My brief visit to El Salvador gave me energy to look forward to the future of art practice not only in the Americas, but around the world. The current state of production in El Salvador is ripe for more international attention. With the efforts by institutions like the Cultural Center of Spain in El Salvador in collaboration with the Museum of Art, great opportunities already begin to appear for local artists to become more established internationally. I’m glad to have been invited to experience this ongoing process, which will hopefully be written about by previous and future visitors invested in art and culture.

My many thanks to the Director of Cultural Center of Spain in El Salvador , Juan Sanchez, and Assistant Director, Mónica Mejía for making my visit possible.

[NEW MUSEUM] Night School Public Seminar 11, Raqs Media Collective: The Pupil Dilates in Darkness

Thursday, January 15, 7:00 p.m.
Friday, January 16, 7:00 p.m.
Saturday, January 17, 3:00 p.m.

New Museum

235 Bowery
New York,
NY 10002


The Pupil Dilates in Darkness
Raqs Media Collective at Night School in the New Museum

Eyes hunger for light in the darkness, but make do with morsels. The night is a time of alterity and an arena for the unfolding of the things that can happen after the day’s work is done. It brings blurs in its wake, lengthens shadows, thickens the illegibility of the world. Circadian rhythms trick the brain to take odd turns. Grey matter comes alive; dreams, desires and the body’s fatigue conspire to create new worlds, and recycle a few old ones. The night is the time for the telling of stories, the playground of doubts and fears, a gymnasium for incomniacs and a school for auto-didacts. What can pupils learn while they dilate at night? What does it mean to be ‘an artist by night’?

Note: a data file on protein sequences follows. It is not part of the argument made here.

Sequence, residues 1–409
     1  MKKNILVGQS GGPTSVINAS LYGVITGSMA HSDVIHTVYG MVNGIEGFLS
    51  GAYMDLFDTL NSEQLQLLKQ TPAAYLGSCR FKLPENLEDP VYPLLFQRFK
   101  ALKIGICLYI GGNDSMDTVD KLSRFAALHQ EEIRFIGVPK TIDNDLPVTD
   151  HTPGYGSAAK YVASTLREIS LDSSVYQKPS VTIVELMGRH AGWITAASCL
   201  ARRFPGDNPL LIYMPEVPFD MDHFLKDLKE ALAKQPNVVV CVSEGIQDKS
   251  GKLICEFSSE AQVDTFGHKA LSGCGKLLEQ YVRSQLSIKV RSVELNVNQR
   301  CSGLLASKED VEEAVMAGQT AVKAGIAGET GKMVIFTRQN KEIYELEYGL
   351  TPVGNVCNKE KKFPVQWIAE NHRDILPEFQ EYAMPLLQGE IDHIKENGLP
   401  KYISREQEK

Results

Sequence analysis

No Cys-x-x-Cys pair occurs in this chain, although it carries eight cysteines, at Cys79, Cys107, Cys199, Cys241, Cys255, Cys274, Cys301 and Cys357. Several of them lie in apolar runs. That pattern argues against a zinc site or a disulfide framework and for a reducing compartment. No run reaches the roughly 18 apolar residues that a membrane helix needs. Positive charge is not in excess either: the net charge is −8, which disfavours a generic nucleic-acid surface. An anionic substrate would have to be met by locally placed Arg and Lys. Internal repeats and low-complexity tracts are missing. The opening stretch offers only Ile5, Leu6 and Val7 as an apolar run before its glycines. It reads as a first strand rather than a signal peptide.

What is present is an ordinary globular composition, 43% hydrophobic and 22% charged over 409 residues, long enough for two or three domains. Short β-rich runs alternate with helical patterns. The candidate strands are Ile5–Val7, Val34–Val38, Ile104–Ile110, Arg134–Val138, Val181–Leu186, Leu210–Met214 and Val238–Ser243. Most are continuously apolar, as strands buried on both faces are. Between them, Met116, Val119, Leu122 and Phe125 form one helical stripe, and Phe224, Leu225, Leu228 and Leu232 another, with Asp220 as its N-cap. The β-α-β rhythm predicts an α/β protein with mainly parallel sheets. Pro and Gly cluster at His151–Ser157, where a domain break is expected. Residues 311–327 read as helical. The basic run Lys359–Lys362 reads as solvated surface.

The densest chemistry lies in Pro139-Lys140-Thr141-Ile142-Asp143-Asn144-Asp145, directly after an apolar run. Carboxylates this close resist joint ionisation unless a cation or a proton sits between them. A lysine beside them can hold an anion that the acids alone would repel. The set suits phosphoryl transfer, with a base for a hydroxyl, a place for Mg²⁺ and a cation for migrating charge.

Raqs Media Collective trawls through their reading, archive of notes, art work and extended conversations with friends and allies to ask a few questions about blurs, shadows, illegibility and the darkness of neural processes to tell a few stories about darkness, power cuts and nested dreams.

Program Schedule:

Thursday, January 15, 7:00 PM
An Illegible Signature: Featuring a Raqs lecture-performance on the question of legibility, stammering and shadows, based on the recent rext by Raqs for the first issue of the e-flux journal:

Friday, January 16, 7:00 PM
The Watches of the Night’ Raqs weaves considerations on time, visibility and what can be learnt from darkness into a presentation with stories, film fragments, dreams and textual marginalia.

Saturday, January 17, 3:00 PM